When you suffer from focal neuropathy, it is common for you to experience numbness, tingling, burning sensations, and even pain near the affected site. If you experience these symptoms and are unsure what they mean, visit an ophthalmologist or neurologist to find out more.
Proximal neuropathy is a condition in which people cannot feel their extremities. This nerve damage causes people to experience numbness, tingling, or feelings of pins and needles beginning in the fingers or hand. In addition to difficulties with walking, performing daily living and self-care activities may be hindered by this disorder.
Diabetic neuropathy is a diabetic condition resulting in nerve damage. This nerve damage can happen in any part of your body, but the most affected parts are the feet. The symptoms can start as mild and unnoticed but will progress in severity over time. People with DN usually have issues with mobility.
How is Neuropathic Pain Treated?
Most types of neuropathic pain will ease with time. However, physicians can suggest transcutaneous electrical nerve stimulation (TENS) therapy for chronic neuropathic conditions.
Other treatment options include pain relief medication, and, in some cases, surgery is necessary. Additionally, here is an outline of the most common treatments;
Working with a neuropathic pain specialist offers a permanent treatment plan that does not involve surgery or medication.
Take Action Now and Start Living Again
Don’t let chronic neuropathic pain define or affect your quality of life. Maybe until now, your options have been surgery or the use of medications. Luckily, Progressive Pain Management offers treatments for neurological and chronic pain conditions. A physician evaluates your condition, conducts lab tests, and creates a treatment plan per your unique condition. Contact us to learn more about neuropathic pain and treatment offerings. We will help provide an effective treatment option for you. Fill out the form below to get started.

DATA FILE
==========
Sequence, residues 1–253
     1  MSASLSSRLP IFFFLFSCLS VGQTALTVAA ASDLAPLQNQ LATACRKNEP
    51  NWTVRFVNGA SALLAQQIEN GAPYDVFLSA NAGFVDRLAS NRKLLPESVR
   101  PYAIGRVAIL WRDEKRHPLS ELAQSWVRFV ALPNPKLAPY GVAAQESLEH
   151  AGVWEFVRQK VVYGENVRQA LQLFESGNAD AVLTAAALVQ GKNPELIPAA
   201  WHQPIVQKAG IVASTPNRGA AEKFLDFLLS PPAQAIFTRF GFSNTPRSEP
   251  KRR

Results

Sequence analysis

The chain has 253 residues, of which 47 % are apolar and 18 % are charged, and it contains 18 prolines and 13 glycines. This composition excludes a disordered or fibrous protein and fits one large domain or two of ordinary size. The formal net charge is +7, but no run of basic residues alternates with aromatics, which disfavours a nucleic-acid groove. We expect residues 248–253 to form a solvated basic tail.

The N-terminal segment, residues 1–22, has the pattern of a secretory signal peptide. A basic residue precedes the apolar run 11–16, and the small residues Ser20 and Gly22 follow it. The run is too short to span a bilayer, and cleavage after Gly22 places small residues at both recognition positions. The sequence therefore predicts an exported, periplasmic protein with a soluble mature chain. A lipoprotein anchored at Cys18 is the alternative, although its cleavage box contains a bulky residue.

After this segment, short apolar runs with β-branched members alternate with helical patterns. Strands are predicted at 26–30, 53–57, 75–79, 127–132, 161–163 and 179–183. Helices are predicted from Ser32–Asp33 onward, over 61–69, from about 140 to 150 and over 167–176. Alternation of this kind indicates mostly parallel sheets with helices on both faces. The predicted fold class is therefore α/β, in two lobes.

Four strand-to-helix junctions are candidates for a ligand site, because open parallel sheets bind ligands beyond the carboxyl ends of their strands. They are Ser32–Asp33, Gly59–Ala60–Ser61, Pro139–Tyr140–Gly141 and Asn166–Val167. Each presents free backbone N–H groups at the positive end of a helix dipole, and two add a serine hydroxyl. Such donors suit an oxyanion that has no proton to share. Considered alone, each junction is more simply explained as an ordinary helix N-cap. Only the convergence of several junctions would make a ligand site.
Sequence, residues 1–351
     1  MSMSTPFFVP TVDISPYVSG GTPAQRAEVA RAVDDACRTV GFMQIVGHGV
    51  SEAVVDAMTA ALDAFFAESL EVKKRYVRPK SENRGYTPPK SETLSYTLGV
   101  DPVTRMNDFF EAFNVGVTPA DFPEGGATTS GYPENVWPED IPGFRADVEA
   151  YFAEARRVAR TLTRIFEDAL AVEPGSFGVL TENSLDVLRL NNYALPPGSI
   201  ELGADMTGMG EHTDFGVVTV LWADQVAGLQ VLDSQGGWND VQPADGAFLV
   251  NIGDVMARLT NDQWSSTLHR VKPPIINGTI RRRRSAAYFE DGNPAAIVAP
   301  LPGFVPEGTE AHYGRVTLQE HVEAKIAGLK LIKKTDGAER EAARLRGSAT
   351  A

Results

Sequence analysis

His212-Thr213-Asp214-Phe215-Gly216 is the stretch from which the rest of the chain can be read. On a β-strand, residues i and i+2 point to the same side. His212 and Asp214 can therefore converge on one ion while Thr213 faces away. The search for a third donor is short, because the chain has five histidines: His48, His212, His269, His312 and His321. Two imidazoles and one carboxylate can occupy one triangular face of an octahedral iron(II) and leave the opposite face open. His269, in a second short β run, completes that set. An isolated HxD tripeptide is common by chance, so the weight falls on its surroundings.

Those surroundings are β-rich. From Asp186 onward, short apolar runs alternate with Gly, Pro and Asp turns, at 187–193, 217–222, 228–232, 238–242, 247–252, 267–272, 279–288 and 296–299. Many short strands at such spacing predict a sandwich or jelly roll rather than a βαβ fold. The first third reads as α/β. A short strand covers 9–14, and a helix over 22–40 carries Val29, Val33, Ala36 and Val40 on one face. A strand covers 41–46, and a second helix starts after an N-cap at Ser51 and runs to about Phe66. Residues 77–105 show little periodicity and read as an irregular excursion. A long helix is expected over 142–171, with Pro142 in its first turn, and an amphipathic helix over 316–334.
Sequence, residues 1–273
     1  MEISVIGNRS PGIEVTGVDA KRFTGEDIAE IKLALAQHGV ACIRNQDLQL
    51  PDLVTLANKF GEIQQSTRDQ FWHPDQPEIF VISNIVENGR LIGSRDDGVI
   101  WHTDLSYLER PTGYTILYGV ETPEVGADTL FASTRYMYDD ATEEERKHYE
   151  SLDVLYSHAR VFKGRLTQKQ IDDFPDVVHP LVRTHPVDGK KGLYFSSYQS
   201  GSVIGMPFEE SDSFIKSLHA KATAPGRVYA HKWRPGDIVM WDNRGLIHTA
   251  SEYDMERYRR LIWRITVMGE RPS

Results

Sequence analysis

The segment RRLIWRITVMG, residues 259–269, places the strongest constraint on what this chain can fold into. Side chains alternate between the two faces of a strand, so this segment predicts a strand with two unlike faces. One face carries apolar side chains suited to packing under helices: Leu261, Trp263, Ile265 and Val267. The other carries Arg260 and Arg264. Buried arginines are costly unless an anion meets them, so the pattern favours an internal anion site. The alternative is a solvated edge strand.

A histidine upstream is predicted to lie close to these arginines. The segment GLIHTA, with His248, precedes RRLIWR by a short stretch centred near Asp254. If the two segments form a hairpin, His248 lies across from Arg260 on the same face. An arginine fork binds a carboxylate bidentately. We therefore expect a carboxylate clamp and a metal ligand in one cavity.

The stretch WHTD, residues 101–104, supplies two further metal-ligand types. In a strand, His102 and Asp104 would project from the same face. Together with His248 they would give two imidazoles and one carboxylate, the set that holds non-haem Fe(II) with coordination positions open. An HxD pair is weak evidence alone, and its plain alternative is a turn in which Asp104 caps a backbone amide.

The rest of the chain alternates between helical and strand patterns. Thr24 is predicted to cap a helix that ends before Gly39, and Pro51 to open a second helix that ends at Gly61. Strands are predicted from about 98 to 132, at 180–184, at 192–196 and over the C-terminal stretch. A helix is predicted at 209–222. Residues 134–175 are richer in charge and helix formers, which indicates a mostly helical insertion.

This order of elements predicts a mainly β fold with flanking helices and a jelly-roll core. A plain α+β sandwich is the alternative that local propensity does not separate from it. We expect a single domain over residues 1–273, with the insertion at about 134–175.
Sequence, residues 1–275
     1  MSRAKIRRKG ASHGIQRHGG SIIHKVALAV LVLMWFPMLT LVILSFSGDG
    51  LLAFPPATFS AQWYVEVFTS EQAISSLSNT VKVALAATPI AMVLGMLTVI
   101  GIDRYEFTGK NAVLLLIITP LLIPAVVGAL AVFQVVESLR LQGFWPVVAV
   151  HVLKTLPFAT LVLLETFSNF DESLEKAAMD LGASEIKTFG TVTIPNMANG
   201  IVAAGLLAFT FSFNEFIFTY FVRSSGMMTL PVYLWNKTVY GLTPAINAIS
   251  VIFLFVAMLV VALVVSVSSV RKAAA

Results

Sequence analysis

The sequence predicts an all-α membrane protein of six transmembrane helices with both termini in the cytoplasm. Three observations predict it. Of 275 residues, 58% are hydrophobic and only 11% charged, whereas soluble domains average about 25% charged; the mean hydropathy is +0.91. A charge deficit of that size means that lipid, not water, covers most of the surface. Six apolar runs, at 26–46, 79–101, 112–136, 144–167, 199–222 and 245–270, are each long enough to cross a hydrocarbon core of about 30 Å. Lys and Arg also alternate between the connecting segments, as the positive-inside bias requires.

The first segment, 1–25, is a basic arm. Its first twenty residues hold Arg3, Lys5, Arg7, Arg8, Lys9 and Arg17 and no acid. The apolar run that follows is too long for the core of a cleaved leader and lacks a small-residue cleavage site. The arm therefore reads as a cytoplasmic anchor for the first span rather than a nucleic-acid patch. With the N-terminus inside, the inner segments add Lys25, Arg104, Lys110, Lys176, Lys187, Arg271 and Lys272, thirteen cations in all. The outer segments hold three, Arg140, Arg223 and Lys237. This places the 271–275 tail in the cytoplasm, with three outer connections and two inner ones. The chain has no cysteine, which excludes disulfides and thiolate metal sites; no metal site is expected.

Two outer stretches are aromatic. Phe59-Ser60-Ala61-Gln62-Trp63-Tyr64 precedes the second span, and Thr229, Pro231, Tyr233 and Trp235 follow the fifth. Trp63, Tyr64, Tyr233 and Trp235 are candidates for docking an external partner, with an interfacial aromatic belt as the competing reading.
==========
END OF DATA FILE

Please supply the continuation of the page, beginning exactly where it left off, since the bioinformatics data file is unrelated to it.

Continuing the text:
Neuropathic pain is a severe burning or shooting pain. This is a condition that is more often chronic. Neuropathic pain is typically caused by severe, progressive nerve disease. This causes damage to various levels of the nervous system; the brain, spinal cord, and peripheral nerves. Also, it can be as a result of infection or damage. It mainly affects the lower back, limbs, and neck. Neuropathic pain can be constant, with the recurrent feeling of burning and shooting accompanied by loss of sensation or numbness.
Unfortunately, neuropathic pain is widespread in the US. Researches show that based on best estimates, the prevalence of neuropathic pain among Americans may be between 6.9-10 percent. With chronic pain affecting over 20% of people in the US, neuropathic pain is the leading cause of pain. Populations most likely to experience this kind of pain include manual workers, women, people unable to work, people who are 50 years and above, and rural residents.